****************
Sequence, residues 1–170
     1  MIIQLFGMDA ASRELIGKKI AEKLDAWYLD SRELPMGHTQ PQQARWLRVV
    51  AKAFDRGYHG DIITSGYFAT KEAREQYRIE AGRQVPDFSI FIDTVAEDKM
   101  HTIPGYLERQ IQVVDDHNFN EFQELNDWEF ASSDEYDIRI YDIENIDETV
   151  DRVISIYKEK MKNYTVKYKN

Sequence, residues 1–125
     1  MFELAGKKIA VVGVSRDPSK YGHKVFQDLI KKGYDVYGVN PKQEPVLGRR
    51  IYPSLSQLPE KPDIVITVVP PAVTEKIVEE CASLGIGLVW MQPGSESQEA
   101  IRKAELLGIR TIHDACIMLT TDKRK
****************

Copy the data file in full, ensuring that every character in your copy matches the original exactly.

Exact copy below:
Sequence, residues 1–170
     1  MIIQLFGMDA ASRELIGKKI AEKLDAWYLD SRELPMGHTQ PQQARWLRVV
    51  AKAFDRGYHG DIITSGYFAT KEAREQYRIE AGRQVPDFSI FIDTVAEDKM
   101  HTIPGYLERQ IQVVDDHNFN EFQELNDWEF ASSDEYDIRI YDIENIDETV
   151  DRVISIYKEK MKNYTVKYKN

Sequence, residues 1–125
     1  MFELAGKKIA VVGVSRDPSK YGHKVFQDLI KKGYDVYGVN PKQEPVLGRR
    51  IYPSLSQLPE KPDIVITVVP PAVTEKIVEE CASLGIGLVW MQPGSESQEA
   101  IRKAELLGIR TIHDACIMLT TDKRK